• 1935–1949 1½ Litre saloon
  • 1955–1959 Mark 1
  • 1959–1967 Mark 2
  • 1963–1968 S-type
  • 1966–1970 420
  • 1967–1969 240 & 340
  • 1999-2008 S-type
  • 2001-date X-type
  • 2008-date XF (new model replacing S-Type)

Large Executive:

  • 1935–1948 2½ Litre saloon
  • 1937–1948 3½ Litre saloon
  • 1948–1951 Mark V
  • 1951–1957 Mark VII (& VIIM)
  • 1957–1959 Mark VIII
  • 1959–1961 Mark IX
  • 1961-1966 Mark X
  • 1966-1970 420G
  • 1968–1987 XJ6 Series 1, 2 & 3
  • 1972–1992 XJ12
  • 1986–1994 XJ6 (XJ40)
  • 1993–1994 XJ12 (XJ81)
  • 1995–1997 XJ6 & XJ12 (X300 & X301)
  • 1997–2002 XJ8 (X308)
  • 2003–date XJ (X350)

Engines

Jaguar has designed in-house four generations of engines.

  • Historical engines:
    • Jaguar XK6 engine – inline-6
    • Jaguar V12 engine – V12
    • Jaguar AJ6 engine – inline-6
  • Current engines:
    • Jaguar AJ-V8 engine – V8
    • Jaguar AJ-V6 engine – V6

Current models

The current Jaguar line-up includes the following models:

2007 Jaguar Model Line-up
Model US Type Price Range Notes
XJ Full-size luxury sedan £43,642 - £60,252 ($64,250 – $116,000)
S-Type Executive car luxury sedan £29,097 - £45,102 ($46,500 – $66,500) To be replaced by the Jaguar XF
X-Type Entry level luxury sedan and wagon £21,500 -£30,995 ($33,500 – $37,500)
XK Sports car/ Coupé/Convertible £60,097 - £76,097 ($75,500 – $93,000)
XF Sports car/ Saloon £33,900 - £54,900 ($49,975 - $62,975)

Concept models

  • Pirana (1967)
  • XK180 (1998)
  • F-type (2000) – Roadster, similar to the XK8 but smaller
  • R-Coupé (2002) – Luxury four-seater coupé, closest competitor being the Bentley Continental GT.
  • Fuore XF 10 (2003)
  • R-D6 (2003) – Compact four-seat coupé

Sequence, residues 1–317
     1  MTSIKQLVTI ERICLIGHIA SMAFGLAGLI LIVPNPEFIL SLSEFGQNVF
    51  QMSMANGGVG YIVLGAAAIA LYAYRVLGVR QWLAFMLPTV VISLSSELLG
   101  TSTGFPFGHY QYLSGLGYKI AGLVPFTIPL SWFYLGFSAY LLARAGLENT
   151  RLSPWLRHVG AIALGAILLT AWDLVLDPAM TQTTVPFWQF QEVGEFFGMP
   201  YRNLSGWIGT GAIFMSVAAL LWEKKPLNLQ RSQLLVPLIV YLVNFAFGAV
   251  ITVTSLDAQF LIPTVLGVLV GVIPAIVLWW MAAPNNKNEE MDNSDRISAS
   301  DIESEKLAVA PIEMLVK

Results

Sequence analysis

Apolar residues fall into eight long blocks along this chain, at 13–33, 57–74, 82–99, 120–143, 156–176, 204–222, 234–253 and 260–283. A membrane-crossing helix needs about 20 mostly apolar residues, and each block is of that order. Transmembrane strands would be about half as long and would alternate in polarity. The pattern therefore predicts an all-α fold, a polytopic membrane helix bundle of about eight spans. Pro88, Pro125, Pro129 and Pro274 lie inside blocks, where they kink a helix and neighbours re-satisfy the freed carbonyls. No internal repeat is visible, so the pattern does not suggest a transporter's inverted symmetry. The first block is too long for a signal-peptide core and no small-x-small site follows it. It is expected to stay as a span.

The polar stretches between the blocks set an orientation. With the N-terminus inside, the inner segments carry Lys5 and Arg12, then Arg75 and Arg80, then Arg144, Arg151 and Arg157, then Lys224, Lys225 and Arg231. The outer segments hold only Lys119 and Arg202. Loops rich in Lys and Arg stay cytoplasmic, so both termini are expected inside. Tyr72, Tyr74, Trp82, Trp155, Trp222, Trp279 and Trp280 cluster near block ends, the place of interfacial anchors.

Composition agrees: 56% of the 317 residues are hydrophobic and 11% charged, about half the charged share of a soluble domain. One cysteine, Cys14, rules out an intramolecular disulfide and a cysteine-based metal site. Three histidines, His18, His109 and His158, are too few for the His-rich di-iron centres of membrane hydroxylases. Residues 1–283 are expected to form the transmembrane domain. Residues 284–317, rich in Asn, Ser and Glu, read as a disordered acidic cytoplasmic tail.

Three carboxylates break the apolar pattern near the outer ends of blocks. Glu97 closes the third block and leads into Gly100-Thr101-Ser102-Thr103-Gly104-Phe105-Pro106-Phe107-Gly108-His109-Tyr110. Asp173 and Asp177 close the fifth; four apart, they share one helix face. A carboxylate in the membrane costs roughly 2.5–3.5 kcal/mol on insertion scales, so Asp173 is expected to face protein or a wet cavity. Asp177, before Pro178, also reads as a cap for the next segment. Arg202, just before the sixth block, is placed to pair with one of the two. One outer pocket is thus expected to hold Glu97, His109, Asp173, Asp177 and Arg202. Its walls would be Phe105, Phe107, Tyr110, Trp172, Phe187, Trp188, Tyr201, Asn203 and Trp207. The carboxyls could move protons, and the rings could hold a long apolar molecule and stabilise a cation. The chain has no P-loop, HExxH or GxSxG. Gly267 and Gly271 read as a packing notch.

• XK-RR – A high-performance version of last generation XK coupé
  • XK-RS – Another performance-spec version of last generation XK convertible
  • Concept Eight (2004) – Super-luxury version of the long-wheelbase model of the XJ
  • C-XF (2007)

The XF is out

Jaguar's motorsport history

The company has had major success in sports car racing, particularly in the Le Mans 24 Hours. Victories came in 1951 and 1953 with the C-Type, then in 1955, 1956 and 1957 with the D-Type. The manager of the racing team during this period, Lofty England, later went on to become CEO of Jaguar in the early 1970s. Although the prototype XJ13 was built in the mid-1960s it was never raced, and the famous race was then left for many years, until in the mid-1980s when Tom Walkinshaw's TWR team started designing and preparing Jaguar V12-engined sports prototypes for European sports car races. The team started winning regularly from 1987, and with increased factory backing the team won Le Mans in 1988 and 1990.

In the late 1990s, Ford decided that Jaguar would be the corporation's Formula One entry. Ford bought out the semi-works Stewart Grand Prix team and rebranded it as Jaguar Racing. The Jaguar F1 program was not a success however, achieving only two podium finishes in five seasons of competition between 2000 and 2004. At the end of 2004, with costs mounting and Ford's profits dwindling, the F1 team was sold to Red Bull energy drinks owner Dietrich Mateschitz, and it became Red Bull Racing. Since 2004 Jaguar has not had an official presence in motorsport.

Notable Jaguar sports racers:

  • Jaguar C-Type (1951–53)
  • Jaguar D-Type (1954–57)
  • Jaguar Lightweight E-Type
  • Jaguar XJR Sportscars
  • Jaguar XJR-9 (1988)
  • XJ220 (1988)
  • XJR-15 (1990)